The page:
Good morning, Eagles fans. I'm writing this newsletter during the week between the combine and the start of free agency. Get ready for a busy period on the offseason schedule. The roster will undergo some notable changes during the next 10 days. Follow along on Philly.com for the latest updates as the Eagles make cost-cutting moves before adding to their roster.
This is the fourth offseason edition of the Early Birds newsletter, which will come every Wednesday for the next few months. If your friends haven't subscribed to Early Birds, it's free to sign up here. I want to know what you think, what we should add, and what you want to read, so send me feedback by email or on Twitter @ZBerm. Thank you for reading.
— Zach Berman
There were two prevailing thoughts I had after speaking with Howie Roseman at the combine last week:
Few would blame the Eagles if they tried to preserve what they had last year. Roseman kept insisting that the Eagles need to find creative ways to improve — this isn't a shocker; most executives say such things — and admitted he must be careful not to let sentimentality get in the way of transactions. (He'll be tested with Brent Celek's contract.) When Roseman was asked about re-signing Nigel Bradham, he noted that the Eagles cannot empty the vault. Bradham is the most notable of the Eagles' 14 pending free agents.
Don't expect a roster overhaul or even activity that compares to recent offseasons. But I wouldn't expect them to be silent, either. The Eagles know the value of role players in roster building, and they could lose key role players such as Trey Burton, Beau Allen, Patrick Robinson, Corey Graham, and LeGarrette Blount. It's not out of the question that they sign a few back to the roster, but if they're priced out on their free agents, they might choose for veteran replacements instead of waiting for the draft or focusing entirely on internal options.
Something else that was clear was that the Eagles want to upgrade special teams. I wouldn't be surprised if the Eagles made moves similar to 2014, when they brought in players like Chris Maragos, Darren Sproles, Bryan Braman, and Nolan Carroll with hopes of improving that unit, especially if they lose Burton, who has been one of their best special teams players for the past four years.
Yes, the Eagles are about $10 million above the NFL's salary cap entering next week. But I won't sound the alarm about it. The Eagles entered the last two offseasons tight against the salary cap, and they found ways to navigate it. Roseman and Jake Rosenberg, the Eagles' director of football administration, have planned for this. They didn't wake up the morning of the Super Bowl and realize what the 2018 payroll will be. The Eagles will renegotiate some deals and get out of others.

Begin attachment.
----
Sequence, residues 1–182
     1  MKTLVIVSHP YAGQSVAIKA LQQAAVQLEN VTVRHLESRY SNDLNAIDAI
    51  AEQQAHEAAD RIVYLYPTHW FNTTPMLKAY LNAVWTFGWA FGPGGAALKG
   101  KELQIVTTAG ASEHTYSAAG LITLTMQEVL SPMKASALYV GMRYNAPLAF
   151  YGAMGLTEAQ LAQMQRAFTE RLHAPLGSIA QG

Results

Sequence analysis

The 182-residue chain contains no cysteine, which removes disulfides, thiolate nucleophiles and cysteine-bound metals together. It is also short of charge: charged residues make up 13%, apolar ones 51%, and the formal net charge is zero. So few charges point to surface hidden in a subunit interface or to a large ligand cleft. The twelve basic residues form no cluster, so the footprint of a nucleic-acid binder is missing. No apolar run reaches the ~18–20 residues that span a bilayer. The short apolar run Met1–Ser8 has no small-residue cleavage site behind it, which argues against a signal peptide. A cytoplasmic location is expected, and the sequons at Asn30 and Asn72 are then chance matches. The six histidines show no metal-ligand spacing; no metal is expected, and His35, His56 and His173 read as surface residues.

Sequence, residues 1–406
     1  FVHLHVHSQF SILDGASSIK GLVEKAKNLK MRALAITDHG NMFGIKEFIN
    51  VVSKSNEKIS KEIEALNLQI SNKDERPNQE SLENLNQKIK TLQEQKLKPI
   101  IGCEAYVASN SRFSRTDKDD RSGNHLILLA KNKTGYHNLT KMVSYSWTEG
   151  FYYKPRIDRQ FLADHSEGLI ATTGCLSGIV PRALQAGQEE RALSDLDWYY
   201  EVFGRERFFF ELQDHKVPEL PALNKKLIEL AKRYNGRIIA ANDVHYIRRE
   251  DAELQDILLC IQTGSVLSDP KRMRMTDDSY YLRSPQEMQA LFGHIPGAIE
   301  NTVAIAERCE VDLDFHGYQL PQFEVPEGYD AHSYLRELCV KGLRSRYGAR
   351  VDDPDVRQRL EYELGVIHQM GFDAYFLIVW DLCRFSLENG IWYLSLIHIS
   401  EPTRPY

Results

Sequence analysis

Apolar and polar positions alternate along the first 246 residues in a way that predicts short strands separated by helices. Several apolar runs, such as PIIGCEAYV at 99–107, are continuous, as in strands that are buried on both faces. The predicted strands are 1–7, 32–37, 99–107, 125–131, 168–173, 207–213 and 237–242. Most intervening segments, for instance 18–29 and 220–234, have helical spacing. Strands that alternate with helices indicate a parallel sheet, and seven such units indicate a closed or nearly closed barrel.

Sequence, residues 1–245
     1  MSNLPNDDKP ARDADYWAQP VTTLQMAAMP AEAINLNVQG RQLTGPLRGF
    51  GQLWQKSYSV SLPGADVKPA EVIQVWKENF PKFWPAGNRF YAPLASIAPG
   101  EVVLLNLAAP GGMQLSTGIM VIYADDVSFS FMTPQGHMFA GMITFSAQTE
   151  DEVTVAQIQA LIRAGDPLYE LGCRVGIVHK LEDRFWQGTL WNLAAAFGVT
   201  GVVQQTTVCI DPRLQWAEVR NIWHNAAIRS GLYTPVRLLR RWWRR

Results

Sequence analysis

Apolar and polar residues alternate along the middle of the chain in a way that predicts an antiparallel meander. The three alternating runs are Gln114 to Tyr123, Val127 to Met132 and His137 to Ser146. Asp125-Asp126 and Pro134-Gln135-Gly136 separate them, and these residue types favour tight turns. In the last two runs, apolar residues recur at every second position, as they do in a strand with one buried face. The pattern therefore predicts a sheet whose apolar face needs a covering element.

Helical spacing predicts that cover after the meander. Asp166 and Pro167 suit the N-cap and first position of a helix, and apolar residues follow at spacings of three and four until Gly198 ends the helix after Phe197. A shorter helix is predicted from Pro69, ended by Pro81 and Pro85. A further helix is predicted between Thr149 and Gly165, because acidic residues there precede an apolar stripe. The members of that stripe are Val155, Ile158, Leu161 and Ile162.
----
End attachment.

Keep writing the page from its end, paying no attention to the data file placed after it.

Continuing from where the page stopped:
"We had anticipated what was going to go on in this offseason certainly last year," Roseman said last week. "Some of the moves we made were with that in mind. From our perspective, we attempted to look at the free-agent classes over a two-year period and felt like we would try to balance where our resources would go."
This doesn't mean the Eagles will be big spenders. Look around the NFL: There are seven teams with more than $60 million of cap space. But the Eagles don't need to be big spenders because there are no glaring holes to address, such as wide receiver last year. My guess is their activity will be more on the margins, and I think they'll be able to make those moves.
By the way, that does not mean the Eagles sit out the first week of free agency. I asked Roseman whether, at this point in the building of the roster, the Eagles won't pursue Day 1 free agents. He said that because of the legal tampering period, those signings are not always the marquee players on expensive contracts. There could be targeted signings at relatively low costs that are made on Day 1. One example was Chance Warmack last March.
With the Eagles picking No. 32 in the draft and possibly trading back to acquire more picks, it's hard to pinpoint realistic candidates for their first-round pick. But for the sake of the newsletter, there were a few players who could be taken in that area who seemed to help themselves at the combine. Here are three:
I wouldn't rule it out, but I think the Eagles owe it to Jalen Mills — and themselves — to see how Mills develops as a cornerback. He improved from Year 1 to Year 2. The Eagles don't need Mills at safety right now. He's proven that he's a starting-caliber cornerback in the NFL. The question this season might be whether he needs to play the slot. It's something he did in college, although it's a different story in the NFL. Mills is the type of player who could have a second life in the NFL at safety, if needed. For now, I think he stays at cornerback.
I think the Eagles will be active adjusting contracts — and unloading contracts, if necessary — because that will be the only way to be salary-cap-compliant. But I don't think it will be all that difficult, and it's something they expected. If you're asking how active the Eagles will be this offseason, my answer is less active than usual and more active than many think. They'll have a hard time competing for big-money players because other teams have significantly more cap space. Frankly, I don't think those are the players they need, so it shouldn't be a concern. But I can see them going after players on one-year, show-me deals or veterans signing low-money contracts for defined roles and a chance to win. Also, you can never rule out Howie Roseman scanning the trade market. My guess is they'll find creative ways to upgrade the roster, but they won't stand pat.